Takekaze vs. Aminishiki
Wednesday marks the thirty-third, and potentially final, time veterans Takekaze and Aminishiki face one another on the dohyo. Takekaze comes into Day 12 with a dreadful 3-8 record and is at risk of falling out of Makuchi come March. There is a good chance he will go intai if this happens. Aminishiki also has a poor record, and unless he can run the gambit and win his final four matches, he will be demoted. At Maegashira 10, ‘Shiki has a bit of a buffer between himself and Juryo, but his presence in the top division at Haru is looking very uncertain. Given his recent lower body issues, Uncle Sumo may choose to hang up the mawashi if his Makuuchi swan song comes to an end. As much as it is hard to hear, the changing of the guard is going to start sooner rather than later. With the elder statesmen of sumo unable to keep up with the new generation, Hatsu 2018 may mark the beginning of that change.
Abi vs. Choyomaru.
It’s hard to believe that Abi is one now win away from his kachi koshi considering the rough start he had this Basho. The shiko master has been a great addition to the top division and is one of the brightest stars on the undercard! Day 12 sees Abi face marshmallow man Chiyomaru, who is also one victory away from a winning record. While Abi’s tsuppari attacks are powerful, they’ve so far been ineffective against Chiyo’s bulky physique, and the big man has never lost to Abi. Will that change tomorrow, or will Abi have to wait until Day 13 to claim his kachi koshi?
Day 11 will be pretty hard to beat, but Day 12 has just as much fantastic undercard action to enjoy, in what is becoming n all-time great Basho!
Act Two has come to a close, and while Tokyo is freezing over, action at the Ryogoku Kokugikan continues to heat up! The third and final act of the 2018 Hatsu Basho begins tomorrow, and what an act it is shaking up to be. Over the next five days, dreams will come true, aspirations will be crushed, and a new champion will be crowned. The rikishi are ready, the Emperors Cup has been polished and the giant macaroon baked. Without further adieu, here is everything you need to know going into Act Three!
After ten days of sumo, the Yusho race has boiled down to just one name: Kakuryu. With a spotless 10-0 record coming into Act Two, the Yokozuna is firmly in the driver’s seat this Basho and the Emperors Cup is now his to lose. However, he’s not home free yet, as Maegashira 3 Tochinoshin is just one win behind, and a slip up by Kakuryu will put him back into contention. Kakuryu will begin to face his stiffest competition yet over the next coming days and will have to weather the storm if he wants to hoist the cup come Sunday.
Kachi Koshi and Make Koshi
Despite several rikishi sitting halfway to their kachi koshi after Act One, only three men were able to achieve a winning record during Act Two. Tochinoshin secured his kachi koshi on Day 9 in a herculean effort against Mitakeumi. Daieisho picked his up with a win over Tochiozan on Day 10. While Kakuryu had eight wins by Day 8, he obtained his Yokozuna kachi koshi of ten wins on Day 10. Grandpa Bullfrog Takekaze, Terunofuji, Ikioi and Hokutofuji are the only rikishi entering Act Two with make koshi records, as each only pick up two wins after ten days. Hokutofuji’s make koshi is especially unfortunate as the young rikishi was looking stellar coming into Hatsu and high hopes were surrounding him. Looks like the curse of the NHK special strikes again. As for Terunojuji, he recieved his losing record from the sidelines after missing a week of the Basho due to illness. Everyone else will have their fate decided in Act Three. For an excellent break down of the promotion and demotion implications for March, please see lksumo’s post here.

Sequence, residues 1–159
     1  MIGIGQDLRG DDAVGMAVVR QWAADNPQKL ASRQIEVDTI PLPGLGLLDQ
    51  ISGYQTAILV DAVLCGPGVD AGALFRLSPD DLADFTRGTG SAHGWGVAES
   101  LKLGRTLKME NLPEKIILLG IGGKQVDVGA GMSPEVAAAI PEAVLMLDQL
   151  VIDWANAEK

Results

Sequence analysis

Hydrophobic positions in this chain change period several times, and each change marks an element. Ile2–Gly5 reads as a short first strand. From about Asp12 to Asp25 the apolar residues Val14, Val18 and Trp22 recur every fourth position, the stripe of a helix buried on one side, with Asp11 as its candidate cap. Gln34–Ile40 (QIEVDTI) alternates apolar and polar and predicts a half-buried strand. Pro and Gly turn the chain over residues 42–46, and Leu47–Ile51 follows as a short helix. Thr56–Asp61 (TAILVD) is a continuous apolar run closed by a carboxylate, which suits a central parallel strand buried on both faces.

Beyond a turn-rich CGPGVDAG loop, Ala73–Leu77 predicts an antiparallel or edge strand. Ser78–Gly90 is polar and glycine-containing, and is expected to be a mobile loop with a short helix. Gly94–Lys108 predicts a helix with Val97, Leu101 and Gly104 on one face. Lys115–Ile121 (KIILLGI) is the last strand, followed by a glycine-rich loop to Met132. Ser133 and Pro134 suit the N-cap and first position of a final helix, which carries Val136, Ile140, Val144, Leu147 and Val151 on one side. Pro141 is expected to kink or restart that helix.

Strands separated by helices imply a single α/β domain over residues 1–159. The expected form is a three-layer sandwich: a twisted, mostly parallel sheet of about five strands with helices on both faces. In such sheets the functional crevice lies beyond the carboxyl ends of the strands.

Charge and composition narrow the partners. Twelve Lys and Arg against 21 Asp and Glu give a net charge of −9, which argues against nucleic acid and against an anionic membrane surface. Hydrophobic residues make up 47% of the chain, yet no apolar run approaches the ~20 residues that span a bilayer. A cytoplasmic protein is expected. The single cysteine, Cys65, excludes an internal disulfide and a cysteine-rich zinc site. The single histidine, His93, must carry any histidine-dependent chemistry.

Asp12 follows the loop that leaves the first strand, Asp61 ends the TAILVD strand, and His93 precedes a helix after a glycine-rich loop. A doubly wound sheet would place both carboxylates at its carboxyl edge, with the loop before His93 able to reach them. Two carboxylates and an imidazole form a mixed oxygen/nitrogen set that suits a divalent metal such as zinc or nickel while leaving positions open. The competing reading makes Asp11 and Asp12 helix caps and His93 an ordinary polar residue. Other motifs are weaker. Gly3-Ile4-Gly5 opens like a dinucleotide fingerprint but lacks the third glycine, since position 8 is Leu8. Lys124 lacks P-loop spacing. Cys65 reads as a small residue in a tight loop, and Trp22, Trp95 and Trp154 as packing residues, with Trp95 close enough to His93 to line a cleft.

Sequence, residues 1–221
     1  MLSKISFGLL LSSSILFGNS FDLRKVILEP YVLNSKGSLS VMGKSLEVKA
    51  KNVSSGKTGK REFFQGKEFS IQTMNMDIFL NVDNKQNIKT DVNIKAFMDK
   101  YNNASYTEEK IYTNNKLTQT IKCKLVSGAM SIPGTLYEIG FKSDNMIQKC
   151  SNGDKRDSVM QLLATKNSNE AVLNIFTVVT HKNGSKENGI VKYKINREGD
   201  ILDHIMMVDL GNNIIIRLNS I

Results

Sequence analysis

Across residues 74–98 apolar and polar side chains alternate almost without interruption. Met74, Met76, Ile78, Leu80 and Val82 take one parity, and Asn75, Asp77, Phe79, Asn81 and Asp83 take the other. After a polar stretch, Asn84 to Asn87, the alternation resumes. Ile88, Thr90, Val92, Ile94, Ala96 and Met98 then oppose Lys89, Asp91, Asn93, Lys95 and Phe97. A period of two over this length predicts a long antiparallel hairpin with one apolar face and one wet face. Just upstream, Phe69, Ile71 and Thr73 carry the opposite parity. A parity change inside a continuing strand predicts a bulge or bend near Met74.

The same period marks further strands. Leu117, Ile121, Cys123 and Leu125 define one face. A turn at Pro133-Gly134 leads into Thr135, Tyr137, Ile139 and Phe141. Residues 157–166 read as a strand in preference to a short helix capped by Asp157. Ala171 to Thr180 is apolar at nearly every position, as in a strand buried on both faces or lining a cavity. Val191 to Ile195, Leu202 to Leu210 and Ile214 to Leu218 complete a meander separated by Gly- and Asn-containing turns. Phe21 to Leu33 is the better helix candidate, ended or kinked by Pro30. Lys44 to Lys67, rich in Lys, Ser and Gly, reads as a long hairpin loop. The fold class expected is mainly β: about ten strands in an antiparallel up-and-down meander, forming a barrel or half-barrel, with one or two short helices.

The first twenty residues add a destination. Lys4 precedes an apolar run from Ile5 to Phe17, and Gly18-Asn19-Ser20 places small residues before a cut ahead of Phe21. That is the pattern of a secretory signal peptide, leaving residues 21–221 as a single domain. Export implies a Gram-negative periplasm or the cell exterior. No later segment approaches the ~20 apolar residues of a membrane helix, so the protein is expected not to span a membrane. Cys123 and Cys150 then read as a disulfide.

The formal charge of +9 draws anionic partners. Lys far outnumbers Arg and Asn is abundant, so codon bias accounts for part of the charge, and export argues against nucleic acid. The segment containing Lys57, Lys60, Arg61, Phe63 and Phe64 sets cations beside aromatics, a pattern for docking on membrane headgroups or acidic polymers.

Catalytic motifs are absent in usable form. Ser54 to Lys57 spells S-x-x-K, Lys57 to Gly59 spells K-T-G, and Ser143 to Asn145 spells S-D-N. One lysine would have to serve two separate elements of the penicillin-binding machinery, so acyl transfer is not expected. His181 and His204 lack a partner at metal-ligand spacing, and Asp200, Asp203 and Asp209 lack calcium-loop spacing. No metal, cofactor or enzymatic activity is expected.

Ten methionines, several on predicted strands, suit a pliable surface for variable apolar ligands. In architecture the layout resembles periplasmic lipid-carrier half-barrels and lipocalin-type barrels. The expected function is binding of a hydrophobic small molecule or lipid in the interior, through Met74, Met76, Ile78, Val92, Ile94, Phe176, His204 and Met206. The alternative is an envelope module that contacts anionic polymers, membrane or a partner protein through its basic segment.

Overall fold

With Kakuryu firing on all cylinders, there weren’t any kinboshi gold stars handed during the Act Two. Now that Onosho has pulled out, Kakuryu’s projected final opponents will change, giving one more Maegashira a chance to put dirt on the Yokozuna. Endo will likely be the one chosen to square off against the Yokozuna on Day 12.
Act One saw us lose Kisenosato, Hakuho, Terunofuji, and Aminishiki. That list has since shortened, as Aminishiki made his return on Day 10 and Terunofuji will be coming back from kyujo tomorrow. In their place is Onosho, who pulled out on Day 10 due to a ligament injury in his right knee, and will lose his Komusubi spot for the Haru Basho in March.
While the conclusion of this Basho may seem clear, if there is one thing I’ve learned about sumo is that it is very unpredictable. So much can happen over the next five days, and Act Three of the 2018 Hatsu Basho is shaping up to be the best act yet! Raise the curtain, let’s begin!
Terunofuji, who went kyujo on Day 3, will make a return on Day 11 to face Ishiura. The Kaiju’s initial doctors note only recommended a week off from competition due to symptoms of diabetes, which appear to be under control following medical intervention. In a statement to the press, Isegahama Oyakata reported that Terunofuji’s old knee injury was getting better and that his glucose levels were much lower after treatment. Despite his Oyakata’s optimism, it is obvious that Terunofuji is in no shape to be competing, and slogging through the last five days of competition could only serve to undo any healing that has taken place. While it’s good that Terunofuji’s health is apparently trending in the right direction, returning now could be just another step closer to the end of the Kaiju’s career.
The Japanese news has reported that Komusubi Onosho has withdrawn from the 2018 Hatsu basho due to a right knee posterior cruciate ligament injury. While the severity of the injury is undisclosed as of yet, treatments range from simply resting and icing the joint to physiotherapy. Going kyujo with a 4-5 record coming into Day 9, Onosho will receive a demotion back into the Maegashira rank for March. As a result, we will have a new Komusubi for Haru, and with Takakeisho sitting dangerously close to a make koshi, we could potentially have two new faces holding the rank come Hatsu. We at Tachiai hope that the power of the red mawashi will heal Onosho and that he returns even stronger!